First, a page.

Monday, July 03, 2006

Listening Skills

I realized this weekend that by the time my COS (close of service) rolls around in August 2007 I will have attended three July 4th parties sponsored by the U.S. Chamber of Commerce in Nairobi, which is basically a chance for American embassy staff, PCVs and Marines to get together and eat hot dogs and have a tug of war. PCVs always get a goody bag full of free toothpaste, soap and other hygiene products donated by various companies who know how dirty and cheap we are. Score.

Life in Kenya has been a bit disorienting lately. It's weird to have a capital like Nairobi, where there are so many western-style amenities and a large middle class, and then go back to a place dotted with mud huts and banana farms and women carrying firewood on their heads. It used to be that I looked forward to going home to the serenity and familiarity of my village, but lately my community doesn't really feel like my own (drop me an email if I haven't told you all about my supervisor going nuts), and towns like Kisumu, Nairobi and Eldoret are my refuge from a culture that I understand better than ever, yet accept no more than I did a year ago.

I met an American grad student at the July 4th party who is doing a summer internship with the UN in Kenya. She was the perfect example of why I've become a little jaded about the international development community. I really think most development workers have impressive academic credentials from top universities, are pretty intelligent people who have lived in different countries, and can regress the hell out of any policy issue, but have never spent enough time in the cultures they're working for to really understand why most sustainable development programs are neither sustainable nor development.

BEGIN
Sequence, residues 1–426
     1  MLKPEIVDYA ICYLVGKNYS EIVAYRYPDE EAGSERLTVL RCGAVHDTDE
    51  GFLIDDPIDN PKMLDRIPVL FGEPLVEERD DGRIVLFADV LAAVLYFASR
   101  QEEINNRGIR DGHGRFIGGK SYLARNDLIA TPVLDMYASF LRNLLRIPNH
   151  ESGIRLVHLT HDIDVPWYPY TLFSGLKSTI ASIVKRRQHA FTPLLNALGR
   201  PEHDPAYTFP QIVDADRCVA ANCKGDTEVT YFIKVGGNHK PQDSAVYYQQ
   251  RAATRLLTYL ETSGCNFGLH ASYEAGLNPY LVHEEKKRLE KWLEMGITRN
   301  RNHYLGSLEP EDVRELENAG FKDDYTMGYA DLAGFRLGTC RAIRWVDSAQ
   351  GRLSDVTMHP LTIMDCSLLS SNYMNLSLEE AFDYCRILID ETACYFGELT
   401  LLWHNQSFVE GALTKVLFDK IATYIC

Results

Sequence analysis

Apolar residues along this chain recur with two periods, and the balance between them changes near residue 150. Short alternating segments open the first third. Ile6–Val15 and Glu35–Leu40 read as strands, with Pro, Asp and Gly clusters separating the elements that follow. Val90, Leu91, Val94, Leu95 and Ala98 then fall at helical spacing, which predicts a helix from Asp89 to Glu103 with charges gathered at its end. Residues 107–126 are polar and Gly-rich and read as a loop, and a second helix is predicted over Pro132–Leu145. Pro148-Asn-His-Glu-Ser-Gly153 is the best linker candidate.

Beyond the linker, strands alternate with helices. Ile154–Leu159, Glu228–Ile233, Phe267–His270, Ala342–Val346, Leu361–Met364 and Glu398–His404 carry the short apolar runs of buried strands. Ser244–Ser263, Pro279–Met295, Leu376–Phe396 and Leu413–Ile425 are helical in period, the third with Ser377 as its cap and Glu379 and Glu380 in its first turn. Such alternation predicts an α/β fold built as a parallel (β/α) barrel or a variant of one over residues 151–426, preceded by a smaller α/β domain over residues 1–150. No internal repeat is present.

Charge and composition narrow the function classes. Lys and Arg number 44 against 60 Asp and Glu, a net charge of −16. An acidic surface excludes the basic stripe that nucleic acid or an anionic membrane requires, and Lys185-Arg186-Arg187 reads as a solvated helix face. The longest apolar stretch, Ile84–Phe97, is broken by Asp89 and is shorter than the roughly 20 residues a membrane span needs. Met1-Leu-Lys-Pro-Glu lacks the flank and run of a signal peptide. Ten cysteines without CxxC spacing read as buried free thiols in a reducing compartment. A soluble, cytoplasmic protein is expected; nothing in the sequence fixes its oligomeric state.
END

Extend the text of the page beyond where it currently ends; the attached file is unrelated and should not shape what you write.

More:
The longer I'm here the more I understand why Kenyan culture is the way it is, and the more I realize I'll never fully understand why Kenyan culture is the way it is. I see that there is logic to the way people behave, whether I agree with the value system it's based on or not. And I realize that the reason most development programs aren't successful is because the people designing and implementing them don't understand the culture and people that they're trying to benefit. Development needs to happen at the hands of locals, not foreigners with good hearts, deep pockets and no freaking clue.

I wonder how many policy makers and program designers have actually lived in a rural Kenyan village, talked to people living their about all the things affecting them - traditional customs like circumcision and wife inheritance, gender roles, HIV. I met an American doctor living in Western Kenya who has spent years researching the AIDS epidemic from a Kenyan cultural perspective. His observation over the years is that when Americans brought over "AIDS awareness," they actually brought over the American moral debate and culture war over AIDS - teaching abstinence-only vs. autonomous decision-making skills - and we've never bothered to ask Kenyans what they think of AIDS in their own country. And how can we distinguish what they really think from what Western health and development workers have told them to think?